Professors impart knowledge; students receive it. That’s the basic contract at any institution of higher learning. But sometimes, without anyone being immediately conscious of it, the flow of learning reverses—and students teach something to their professors.
In art professor Carol Ockman’s experience, college was about breadth: Specialization and depth were for grad school. And exploring questions of self-identity was principally a personal, extracurricular activity, not an academic pursuit.
Then Ockman met an Indonesian-American art history major who challenged these views. In her last two semesters before graduation, the student chose classes in a range of subjects—Italian Baroque painting, medieval manuscripts, Islamic art. But in each course, she focused on two themes: gender and orientalism.
“She chose courses or projects within courses that would enable her to pursue an interest that was completely embedded in questions of her own identity as an ‘exotic’ woman,” Ockman says. “Her courses were all over the map geographically and historically, but she was in the same place with the same questions in each.”
Ockman let the young woman take a seminar on Ingres that she was teaching in the graduate program in the history of art. Her in-depth analysis of Ingres’ orientalist painting “The Turkish Bath” won the Arthur B. Graves Prize from Williams for the best essay in art that year. In her senior year, by design and with one exception, the student took courses with female professors only.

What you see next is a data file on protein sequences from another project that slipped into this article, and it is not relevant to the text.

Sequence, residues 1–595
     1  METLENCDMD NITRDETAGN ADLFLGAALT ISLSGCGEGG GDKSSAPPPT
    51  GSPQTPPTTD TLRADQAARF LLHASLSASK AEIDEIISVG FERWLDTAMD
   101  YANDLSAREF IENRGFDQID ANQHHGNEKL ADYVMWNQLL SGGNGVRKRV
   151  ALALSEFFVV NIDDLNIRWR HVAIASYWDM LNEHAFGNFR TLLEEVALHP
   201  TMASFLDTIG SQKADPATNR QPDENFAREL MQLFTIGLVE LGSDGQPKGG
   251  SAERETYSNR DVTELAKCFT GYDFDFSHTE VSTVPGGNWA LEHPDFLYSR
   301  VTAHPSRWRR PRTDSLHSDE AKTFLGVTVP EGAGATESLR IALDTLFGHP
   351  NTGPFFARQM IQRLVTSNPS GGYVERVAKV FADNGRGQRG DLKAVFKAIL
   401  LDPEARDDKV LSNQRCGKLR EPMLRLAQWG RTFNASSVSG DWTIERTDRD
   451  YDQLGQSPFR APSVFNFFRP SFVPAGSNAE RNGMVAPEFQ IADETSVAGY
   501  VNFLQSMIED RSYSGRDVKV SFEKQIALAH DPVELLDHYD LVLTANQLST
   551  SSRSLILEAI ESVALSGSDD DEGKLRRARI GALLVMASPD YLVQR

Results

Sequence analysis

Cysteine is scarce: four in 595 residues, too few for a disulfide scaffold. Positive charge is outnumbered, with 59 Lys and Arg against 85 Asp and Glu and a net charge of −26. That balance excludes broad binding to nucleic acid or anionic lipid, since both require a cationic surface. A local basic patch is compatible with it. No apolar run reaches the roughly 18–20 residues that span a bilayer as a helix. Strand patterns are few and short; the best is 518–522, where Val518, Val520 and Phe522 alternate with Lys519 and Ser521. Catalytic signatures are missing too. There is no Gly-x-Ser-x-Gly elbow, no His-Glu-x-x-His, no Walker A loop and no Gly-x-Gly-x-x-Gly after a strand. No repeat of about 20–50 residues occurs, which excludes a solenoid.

Ockman found the approach exhilarating. “She looked for courses that would help her grow personally, not just intellectually. For her, personal growth and intellectual growth became one and the same thing.”
Ockman is still in touch with her former student, who has since obtained a Ph.D. in art history with a thesis on ethnographic cinema, gone to film school, written a book on “exotic” cinema and made films. She now teaches film history, media studies and filmmaking at a university.